Blog round-up: Bloggers weigh in on funding California’s water infrastructure, proposed drought solutions, the BDCP and more, plus will Lake Mead be unusuable in 5 to 8 years?

Owens Lake Excavator Apr 2012 #4Now is the Time to Invest in California’s Water Future, says Bryce Lundberg of the Northern California Water Association:  He writes: “I had a wonderful opportunity earlier today to join several esteemed leaders in asking the Legislature and our Governor to invest in California’s water future. At our state’s capitol this morning, I joined Sacramento Mayor Kevin Johnson, the Nature Conservancy’s Jay Ziegler, Cesar Diaz from the State Building and Construction Trades Council, Stan Van Vleck from Downey Brand, and elected leaders from throughout the region in supporting a water bond that provides strong provisions to improve water supply reliability for people and nature. … ”  Read more from the NCWA blog here: Now is the Time to Invest in California’s Water Future

Money for water infrastructure:  Lessons from Kansas: Ellen Hanak and Dave Mitchell at the PPIC Blog write: “As summer approaches, signs of the drought are intensifying, with early season wildfires, new reductions in supplies from California’s depleted rivers, and many farmers scrambling for appointments with well drillers to access more groundwater. In Sacramento, there is also a heightened sense of urgency regarding money for the water system, as the June 26th deadline looms for legislative action on a new bond for the November 2014 ballot. The drought has drawn policymaker attention to water system investments, and it has raised hopes that the public will be willing to support new borrowing. While this is good news for California’s water system, the focus on bonds is a missed opportunity to go bigger. … ”  Read more from the PPIC blog here:  Drought Watch: Lessons from Kansas

Funding the California Water Action Plan: Ellen Hanak, Brian Gray, Jay Lund, David Mitchell, Caitrin Chappelle, Emma Freeman, Dean Misczynski, and James Nachbaur write: “In late January, Gov. Jerry Brown released the California Water Action Plan, which outlines 10 strategic priorities for putting the state on a more sustainable water management path. The plan – intended to guide state water policy for the next five years – places the current drought emergency in a broader context, acknowledging the need for a comprehensive approach to improving water supply reliability, restoring damaged ecosystems, and making our water infrastructure more resilient to droughts, floods and other hazards.  Action #10 of the plan focuses on funding, something needed for every other area to succeed. … ”  The blog goes through the water plan item by item, suggesting ways each item might be able to be funded, other than using bond money.  Read more from the California Water Blog here: Beyond bonds: Funding the governor’s Water Action Plan

Is shorting fish of water during drought good for water users?:  In drought years, California usually reduces “environmental water flows” — the amount of river flows needed to maintain aquatic ecosystems — to make more water available for farms and cities. The current drought has been no exception. Depriving fish of adequate river flows, however, might not be in the interests of urban and agricultural users if it leads to long-term decline of species.  Reductions in environmental flows during the 1988-92 drought arguably sped the expansion of destructive clam and aquatic weed populations in the Sacramento-San Joaquin Delta. … ”  Read more from the California Water Blog here: Is shorting fish of water during drought good for water users?

Should California expand reservoir capacity by removing sediment?  “Removing sediment from reservoirs is often suggested as a potentially better way to expand storage capacity than raising dam heights or building new reservoirs. This is a natural notion to explore given the cost and likely environmental impacts of traditional expansions.  For perspective, the construction cost of conventional reservoir expansion is about $1,700 to $2,700 an acre-foot (af) of storage capacity. … ”  Read more from the California Water Blog here:  Should California expand reservoir capacity by removing sediment?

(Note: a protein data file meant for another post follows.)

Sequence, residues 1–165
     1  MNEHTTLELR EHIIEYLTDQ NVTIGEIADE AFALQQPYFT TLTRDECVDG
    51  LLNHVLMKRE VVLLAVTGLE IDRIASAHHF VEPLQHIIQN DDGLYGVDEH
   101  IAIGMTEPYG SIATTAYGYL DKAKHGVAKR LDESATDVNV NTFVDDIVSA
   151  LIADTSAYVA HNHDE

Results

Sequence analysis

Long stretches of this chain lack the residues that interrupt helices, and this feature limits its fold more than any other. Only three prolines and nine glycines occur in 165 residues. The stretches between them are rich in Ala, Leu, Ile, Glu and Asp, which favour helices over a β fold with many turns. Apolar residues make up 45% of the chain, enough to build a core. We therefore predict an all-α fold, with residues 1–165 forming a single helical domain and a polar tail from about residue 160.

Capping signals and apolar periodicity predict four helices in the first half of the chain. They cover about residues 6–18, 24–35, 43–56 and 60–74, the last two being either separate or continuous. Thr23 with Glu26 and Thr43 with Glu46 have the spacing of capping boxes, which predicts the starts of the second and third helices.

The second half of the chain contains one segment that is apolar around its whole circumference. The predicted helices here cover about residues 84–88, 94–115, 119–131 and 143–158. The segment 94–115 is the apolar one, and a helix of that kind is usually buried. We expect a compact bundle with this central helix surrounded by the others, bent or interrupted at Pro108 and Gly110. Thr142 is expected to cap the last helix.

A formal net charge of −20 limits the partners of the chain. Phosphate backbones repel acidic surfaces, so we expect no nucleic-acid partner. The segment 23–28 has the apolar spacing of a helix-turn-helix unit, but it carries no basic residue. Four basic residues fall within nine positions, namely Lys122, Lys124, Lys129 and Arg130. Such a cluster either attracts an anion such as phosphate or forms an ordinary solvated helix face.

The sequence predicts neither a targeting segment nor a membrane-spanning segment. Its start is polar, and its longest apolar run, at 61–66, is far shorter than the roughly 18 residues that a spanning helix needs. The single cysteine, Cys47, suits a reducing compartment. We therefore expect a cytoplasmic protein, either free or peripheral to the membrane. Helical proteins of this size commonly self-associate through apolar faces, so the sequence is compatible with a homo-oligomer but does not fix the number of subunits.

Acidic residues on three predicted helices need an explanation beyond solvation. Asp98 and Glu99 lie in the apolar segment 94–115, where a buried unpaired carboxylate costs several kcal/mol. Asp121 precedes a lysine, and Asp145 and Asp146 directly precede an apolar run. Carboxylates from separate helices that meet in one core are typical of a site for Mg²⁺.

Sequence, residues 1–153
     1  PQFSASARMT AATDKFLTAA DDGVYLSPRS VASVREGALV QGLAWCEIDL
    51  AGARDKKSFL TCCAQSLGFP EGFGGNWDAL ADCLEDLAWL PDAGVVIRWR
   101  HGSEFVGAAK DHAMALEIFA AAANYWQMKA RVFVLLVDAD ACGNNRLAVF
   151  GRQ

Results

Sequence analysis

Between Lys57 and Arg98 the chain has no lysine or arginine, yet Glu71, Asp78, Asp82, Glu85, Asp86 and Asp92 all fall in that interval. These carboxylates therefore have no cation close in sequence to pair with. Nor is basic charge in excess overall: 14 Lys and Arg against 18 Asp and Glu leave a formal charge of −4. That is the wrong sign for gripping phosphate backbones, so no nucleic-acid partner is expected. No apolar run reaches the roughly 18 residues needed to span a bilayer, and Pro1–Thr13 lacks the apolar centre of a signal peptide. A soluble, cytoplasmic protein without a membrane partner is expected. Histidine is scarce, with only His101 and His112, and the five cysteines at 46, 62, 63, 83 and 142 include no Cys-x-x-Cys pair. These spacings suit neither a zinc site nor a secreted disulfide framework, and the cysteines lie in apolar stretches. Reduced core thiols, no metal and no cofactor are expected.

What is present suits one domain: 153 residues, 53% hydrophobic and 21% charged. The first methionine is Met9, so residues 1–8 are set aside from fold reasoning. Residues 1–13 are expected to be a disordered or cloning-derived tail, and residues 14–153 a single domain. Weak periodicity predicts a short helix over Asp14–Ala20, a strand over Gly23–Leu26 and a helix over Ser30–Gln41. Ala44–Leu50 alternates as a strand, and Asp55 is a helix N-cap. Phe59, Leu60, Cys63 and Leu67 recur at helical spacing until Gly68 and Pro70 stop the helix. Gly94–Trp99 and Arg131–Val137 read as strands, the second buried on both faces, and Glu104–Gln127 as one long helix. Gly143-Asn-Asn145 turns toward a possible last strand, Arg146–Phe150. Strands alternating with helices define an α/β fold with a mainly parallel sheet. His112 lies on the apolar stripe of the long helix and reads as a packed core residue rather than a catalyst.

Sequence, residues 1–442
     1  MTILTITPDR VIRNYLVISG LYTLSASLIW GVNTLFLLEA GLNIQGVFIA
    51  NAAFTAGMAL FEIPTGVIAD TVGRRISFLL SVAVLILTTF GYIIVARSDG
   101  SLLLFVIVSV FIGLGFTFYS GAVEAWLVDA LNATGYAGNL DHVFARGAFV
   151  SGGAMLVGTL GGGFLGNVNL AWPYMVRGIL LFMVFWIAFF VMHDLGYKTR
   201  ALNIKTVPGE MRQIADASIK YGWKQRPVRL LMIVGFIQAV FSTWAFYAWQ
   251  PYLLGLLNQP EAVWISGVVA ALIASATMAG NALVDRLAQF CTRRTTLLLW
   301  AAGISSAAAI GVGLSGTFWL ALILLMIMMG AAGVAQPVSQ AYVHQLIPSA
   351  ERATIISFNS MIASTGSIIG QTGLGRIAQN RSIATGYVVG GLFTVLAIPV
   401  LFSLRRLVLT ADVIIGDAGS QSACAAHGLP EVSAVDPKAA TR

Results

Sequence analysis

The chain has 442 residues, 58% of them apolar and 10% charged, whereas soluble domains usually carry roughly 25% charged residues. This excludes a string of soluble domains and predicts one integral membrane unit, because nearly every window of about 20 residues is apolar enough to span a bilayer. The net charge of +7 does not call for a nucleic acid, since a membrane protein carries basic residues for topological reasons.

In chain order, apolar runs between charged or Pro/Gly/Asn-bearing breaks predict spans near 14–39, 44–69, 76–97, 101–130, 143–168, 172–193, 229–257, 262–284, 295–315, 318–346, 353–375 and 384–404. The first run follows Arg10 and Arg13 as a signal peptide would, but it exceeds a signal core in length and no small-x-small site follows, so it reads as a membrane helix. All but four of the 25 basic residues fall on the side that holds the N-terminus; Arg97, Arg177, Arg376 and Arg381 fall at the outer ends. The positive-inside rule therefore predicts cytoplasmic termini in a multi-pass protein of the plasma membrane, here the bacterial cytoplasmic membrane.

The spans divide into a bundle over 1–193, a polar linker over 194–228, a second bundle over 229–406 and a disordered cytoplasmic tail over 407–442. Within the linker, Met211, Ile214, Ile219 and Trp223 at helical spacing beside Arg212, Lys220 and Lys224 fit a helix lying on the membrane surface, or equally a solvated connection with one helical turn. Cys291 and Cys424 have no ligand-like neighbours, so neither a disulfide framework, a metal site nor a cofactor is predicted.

More dams or regulations to alleviate drought?: Wayne Lusvardi at the California Watchdog writes: “American diplomat Dwight Morrow wrote, “Any party which takes credit for the rain must not be surprised if its opponents blame it for the drought.”  Likewise any policymakers that take credit for restoring rivers for fish and not building dams should not be surprised when they get blamed for water shortages and groundwater overdrafting. ... ”  Read more from the California Watchdog blog here: More dams or regulations to alleviate drought?

Recharging the underground instead of building dams?  Families Protecting the Valley writes: “A lot of enviros are pushing the idea that we can just recharge our underground aquifers instead of building dams. We have to admit that to the untrained average citizen this probably seems like a good idea. We have all this underground capacity, why not use it instead of building new expensive dams and reservoirs?  Now, we don’t know if the people proposing this idea really believe it can work, or if it’s just a good line of rhetoric to use to convince people that dams are a waste of money. We tend to think the latter. ... ”  Continue reading from Families Protecting the Valley here:  Recharging the underground instead of building dams?

Seeking solutions for the Delta:  “Stockton-based Restore the Delta — known for its stinging criticism of state water policy — sets a positive tone in this new video, which proposes advancements in water efficiency and conservation as an alternative to big water projects like the twin tunnels. Here’s what Matt Mahon, a spokesman for the Coalition for a Sustainable Delta, had to say … ”  Read more from Alex Breitler’s blog here:  Seeking solutions

An implementing agreement at last: We finally have a draft Implementing Agreement (IA) released for public review and comment, plus additional time to pour over the BDCP and its EIR/EIS (until July 29). The Implementing Agreement is the document that the water contractors and the fisheries agencies will actually sign to allow BDCP to happen. Right now, the IA appears to give the water contractors everything they want and require virtually nothing from them in return.  Don’t expect to learn anything new there. … ”  Read more from Restore the Delta here:  An Implementing Agreement at Last